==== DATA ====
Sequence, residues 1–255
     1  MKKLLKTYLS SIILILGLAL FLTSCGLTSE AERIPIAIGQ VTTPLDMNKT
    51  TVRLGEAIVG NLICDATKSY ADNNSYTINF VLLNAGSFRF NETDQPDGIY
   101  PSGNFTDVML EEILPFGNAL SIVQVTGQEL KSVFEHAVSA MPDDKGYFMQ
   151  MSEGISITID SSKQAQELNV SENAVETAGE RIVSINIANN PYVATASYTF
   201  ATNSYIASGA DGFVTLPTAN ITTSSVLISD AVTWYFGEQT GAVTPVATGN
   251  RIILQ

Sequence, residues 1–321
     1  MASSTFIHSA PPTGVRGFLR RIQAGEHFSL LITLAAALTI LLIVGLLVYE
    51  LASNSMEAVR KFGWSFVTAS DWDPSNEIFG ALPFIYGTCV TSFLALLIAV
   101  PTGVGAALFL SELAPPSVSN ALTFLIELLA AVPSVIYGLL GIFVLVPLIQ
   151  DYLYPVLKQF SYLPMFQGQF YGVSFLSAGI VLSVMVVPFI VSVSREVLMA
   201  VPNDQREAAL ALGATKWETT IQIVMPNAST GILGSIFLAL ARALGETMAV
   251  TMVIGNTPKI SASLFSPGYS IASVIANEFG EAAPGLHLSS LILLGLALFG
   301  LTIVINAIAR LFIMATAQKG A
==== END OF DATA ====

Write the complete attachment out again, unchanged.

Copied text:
Sequence, residues 1–255
     1  MKKLLKTYLS SIILILGLAL FLTSCGLTSE AERIPIAIGQ VTTPLDMNKT
    51  TVRLGEAIVG NLICDATKSY ADNNSYTINF VLLNAGSFRF NETDQPDGIY
   101  PSGNFTDVML EEILPFGNAL SIVQVTGQEL KSVFEHAVSA MPDDKGYFMQ
   151  MSEGISITID SSKQAQELNV SENAVETAGE RIVSINIANN PYVATASYTF
   201  ATNSYIASGA DGFVTLPTAN ITTSSVLISD AVTWYFGEQT GAVTPVATGN
   251  RIILQ

Sequence, residues 1–321
     1  MASSTFIHSA PPTGVRGFLR RIQAGEHFSL LITLAAALTI LLIVGLLVYE
    51  LASNSMEAVR KFGWSFVTAS DWDPSNEIFG ALPFIYGTCV TSFLALLIAV
   101  PTGVGAALFL SELAPPSVSN ALTFLIELLA AVPSVIYGLL GIFVLVPLIQ
   151  DYLYPVLKQF SYLPMFQGQF YGVSFLSAGI VLSVMVVPFI VSVSREVLMA
   201  VPNDQREAAL ALGATKWETT IQIVMPNAST GILGSIFLAL ARALGETMAV
   251  TMVIGNTPKI SASLFSPGYS IASVIANEFG EAAPGLHLSS LILLGLALFG
   301  LTIVINAIAR LFIMATAQKG A